Jan. 23, 2003, Gazette
Dr. Clark Ross
St. John's and its twinned city of Waterford,
Ireland, will have a new cultural connection thanks to a festival of
contemporary music being held in Waterford from Jan. 24-31. The New
Music Festival is organized by the Waterford Institute of Technology
(WIT) and the Garter Lane Arts Centre.
Dr. Clark Ross, a faculty member in Memorial University's School of
Music, has been chosen to be composer-in-residence at the prestigious
week long event.
Dr. Ross says that he is pleased to be able to participate in this event,
which will see him spend two hours per day teaching students at the
WIT about the intricacies of musical composition. He said the rest of
the time will be spent playing and performing music while forging new
professional relationships with the musical community in Waterford and
"I am looking forward to meeting the students and faculty with
whom I'll be working," Dr. Ross said. "I am excited about
making connections in a part of the world in which I have no connections."
Related to his presence at the festival is another link between the
two places. Dr. Ross helped create the guidelines for a composition
competition which will be open to students from Memorial students and
students from WIT. The prizes for the award winning entries are in the
2,000 and 3,000 Euros range. The competition includes three categories:
small orchestra, solo piano and solo voice with a small a group. "The
prizes are substantial in terms of composition competitions in Canada
for people at this level. I expect that some of the students I will
be interacting with at the festival will be entering this competition
and I hope to provide feedback to them about their efforts."
Dr. Ross has already garnered some media attention having done an interview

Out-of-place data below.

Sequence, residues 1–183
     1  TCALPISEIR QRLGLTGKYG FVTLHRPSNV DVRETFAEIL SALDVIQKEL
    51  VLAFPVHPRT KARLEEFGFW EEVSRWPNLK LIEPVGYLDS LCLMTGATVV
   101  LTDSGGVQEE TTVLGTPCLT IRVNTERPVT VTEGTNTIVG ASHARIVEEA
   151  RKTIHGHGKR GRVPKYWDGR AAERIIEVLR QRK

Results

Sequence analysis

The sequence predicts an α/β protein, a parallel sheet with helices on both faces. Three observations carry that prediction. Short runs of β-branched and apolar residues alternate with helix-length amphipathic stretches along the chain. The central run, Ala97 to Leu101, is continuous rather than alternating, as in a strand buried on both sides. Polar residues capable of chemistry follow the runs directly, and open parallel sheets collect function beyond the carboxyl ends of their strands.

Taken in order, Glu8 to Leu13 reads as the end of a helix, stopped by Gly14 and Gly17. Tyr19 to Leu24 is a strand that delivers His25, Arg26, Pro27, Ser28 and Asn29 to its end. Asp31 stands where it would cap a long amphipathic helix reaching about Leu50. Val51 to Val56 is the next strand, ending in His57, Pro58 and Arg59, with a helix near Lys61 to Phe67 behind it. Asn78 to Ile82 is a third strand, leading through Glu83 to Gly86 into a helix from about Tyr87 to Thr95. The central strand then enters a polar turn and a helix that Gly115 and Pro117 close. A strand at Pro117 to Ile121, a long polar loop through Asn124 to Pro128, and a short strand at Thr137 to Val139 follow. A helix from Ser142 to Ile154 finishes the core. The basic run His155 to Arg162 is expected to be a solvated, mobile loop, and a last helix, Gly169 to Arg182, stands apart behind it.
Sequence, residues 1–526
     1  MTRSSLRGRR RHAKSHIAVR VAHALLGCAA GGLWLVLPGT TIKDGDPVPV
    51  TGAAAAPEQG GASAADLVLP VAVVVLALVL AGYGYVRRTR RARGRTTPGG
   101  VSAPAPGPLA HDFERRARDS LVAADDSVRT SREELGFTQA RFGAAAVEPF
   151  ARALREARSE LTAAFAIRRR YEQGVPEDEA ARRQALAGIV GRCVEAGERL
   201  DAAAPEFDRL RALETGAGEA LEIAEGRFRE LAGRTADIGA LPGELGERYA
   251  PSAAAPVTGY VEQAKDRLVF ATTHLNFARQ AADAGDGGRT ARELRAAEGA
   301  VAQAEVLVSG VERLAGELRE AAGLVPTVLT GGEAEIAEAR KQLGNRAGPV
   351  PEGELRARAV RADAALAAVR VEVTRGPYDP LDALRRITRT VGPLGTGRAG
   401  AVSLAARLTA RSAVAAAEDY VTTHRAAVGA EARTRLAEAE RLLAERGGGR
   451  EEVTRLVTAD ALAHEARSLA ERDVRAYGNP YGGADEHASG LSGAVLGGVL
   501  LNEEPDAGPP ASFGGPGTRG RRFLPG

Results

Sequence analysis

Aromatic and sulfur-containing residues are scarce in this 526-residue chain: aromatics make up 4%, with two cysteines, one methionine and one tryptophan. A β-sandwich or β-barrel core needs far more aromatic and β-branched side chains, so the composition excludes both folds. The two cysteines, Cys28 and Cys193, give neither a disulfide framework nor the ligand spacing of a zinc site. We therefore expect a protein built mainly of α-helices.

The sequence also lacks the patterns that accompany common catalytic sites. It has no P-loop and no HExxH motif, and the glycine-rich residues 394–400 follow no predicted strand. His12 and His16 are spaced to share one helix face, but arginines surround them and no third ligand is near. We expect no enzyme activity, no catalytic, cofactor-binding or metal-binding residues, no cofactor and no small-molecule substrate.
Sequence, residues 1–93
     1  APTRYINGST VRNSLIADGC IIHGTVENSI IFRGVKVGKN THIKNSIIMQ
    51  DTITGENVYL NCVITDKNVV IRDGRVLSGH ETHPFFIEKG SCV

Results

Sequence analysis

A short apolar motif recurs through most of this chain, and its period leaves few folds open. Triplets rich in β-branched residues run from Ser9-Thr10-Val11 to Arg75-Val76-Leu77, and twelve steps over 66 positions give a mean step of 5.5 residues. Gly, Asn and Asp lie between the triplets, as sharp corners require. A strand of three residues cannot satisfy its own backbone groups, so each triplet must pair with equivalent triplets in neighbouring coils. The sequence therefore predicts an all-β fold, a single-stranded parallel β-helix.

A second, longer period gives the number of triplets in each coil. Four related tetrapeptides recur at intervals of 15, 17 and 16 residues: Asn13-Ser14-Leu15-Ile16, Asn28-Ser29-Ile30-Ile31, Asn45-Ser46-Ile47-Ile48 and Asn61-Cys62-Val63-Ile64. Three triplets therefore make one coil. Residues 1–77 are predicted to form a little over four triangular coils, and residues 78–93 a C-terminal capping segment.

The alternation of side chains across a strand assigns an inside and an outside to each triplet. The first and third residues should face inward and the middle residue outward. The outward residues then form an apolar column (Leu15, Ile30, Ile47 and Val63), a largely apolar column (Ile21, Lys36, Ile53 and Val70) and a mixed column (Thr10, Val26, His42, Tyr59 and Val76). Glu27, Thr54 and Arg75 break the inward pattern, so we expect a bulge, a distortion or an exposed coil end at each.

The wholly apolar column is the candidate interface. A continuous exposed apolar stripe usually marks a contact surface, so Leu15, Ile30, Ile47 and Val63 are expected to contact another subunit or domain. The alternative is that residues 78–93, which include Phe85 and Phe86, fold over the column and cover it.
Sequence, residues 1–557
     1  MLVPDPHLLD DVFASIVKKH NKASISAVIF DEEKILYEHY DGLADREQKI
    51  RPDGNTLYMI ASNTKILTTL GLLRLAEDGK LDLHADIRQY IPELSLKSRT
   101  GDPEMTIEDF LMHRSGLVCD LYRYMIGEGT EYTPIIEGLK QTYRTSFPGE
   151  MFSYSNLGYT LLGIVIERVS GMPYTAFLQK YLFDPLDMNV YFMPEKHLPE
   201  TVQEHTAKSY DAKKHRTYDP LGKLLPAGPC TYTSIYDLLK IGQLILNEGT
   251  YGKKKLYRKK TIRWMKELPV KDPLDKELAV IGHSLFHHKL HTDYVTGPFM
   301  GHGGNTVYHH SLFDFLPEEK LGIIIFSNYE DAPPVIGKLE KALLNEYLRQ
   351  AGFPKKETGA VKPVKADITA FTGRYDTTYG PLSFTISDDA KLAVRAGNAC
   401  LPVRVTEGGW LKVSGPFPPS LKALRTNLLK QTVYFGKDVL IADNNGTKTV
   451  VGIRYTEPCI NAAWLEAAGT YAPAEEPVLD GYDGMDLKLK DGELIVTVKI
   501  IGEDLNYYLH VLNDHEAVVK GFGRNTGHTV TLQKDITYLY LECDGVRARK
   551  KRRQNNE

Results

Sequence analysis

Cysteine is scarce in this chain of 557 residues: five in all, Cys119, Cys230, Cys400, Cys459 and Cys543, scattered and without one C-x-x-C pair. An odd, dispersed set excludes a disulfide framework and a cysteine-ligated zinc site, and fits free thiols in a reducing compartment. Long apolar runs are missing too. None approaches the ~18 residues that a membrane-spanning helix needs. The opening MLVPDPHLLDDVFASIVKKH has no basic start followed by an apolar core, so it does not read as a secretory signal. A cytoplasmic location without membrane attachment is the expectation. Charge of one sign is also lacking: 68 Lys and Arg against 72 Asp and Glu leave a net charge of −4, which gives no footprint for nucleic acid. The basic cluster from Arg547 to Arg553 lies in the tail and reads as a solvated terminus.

with Irish radio on his visit. Dr. Tom Gordon, director of Memorial's
School of Music, is pleased that one of his faculty members is getting
this kind of international recognition.
"The interesting thing is that, when we think about the links between
Irish and Newfoundland music, we tend to focus on the traditional,"
Dr. Gordon explained. "We sometimes completely overlook the fact
that Ireland has a vibrant avant-garde music scene with many festivals
like this one in Waterford. Newfoundland and Labrador, with activities
like Sound Symposium, is also seen as a leading force in contemporary
music. The fact that Clark was selected from among other composers around
the world is a signal that the activity in contemporary art music here
is widely respected in many respects it's better known beyond our shores
than it is here."
Dr. Ross is only one of several interesting cultural connections to
Waterford and to Ireland. In the musical vein, Anita Best has visited
the city to share her knowledge about traditional Newfoundland music.
Ms. Best has been working Dr. Beverly Diamond, the university Canada
Research Chair in Traditional Music. In addition, historian Dr. Peter
Hart, also a Canada Research chairholder at Memorial, has Irish history
as his research focus.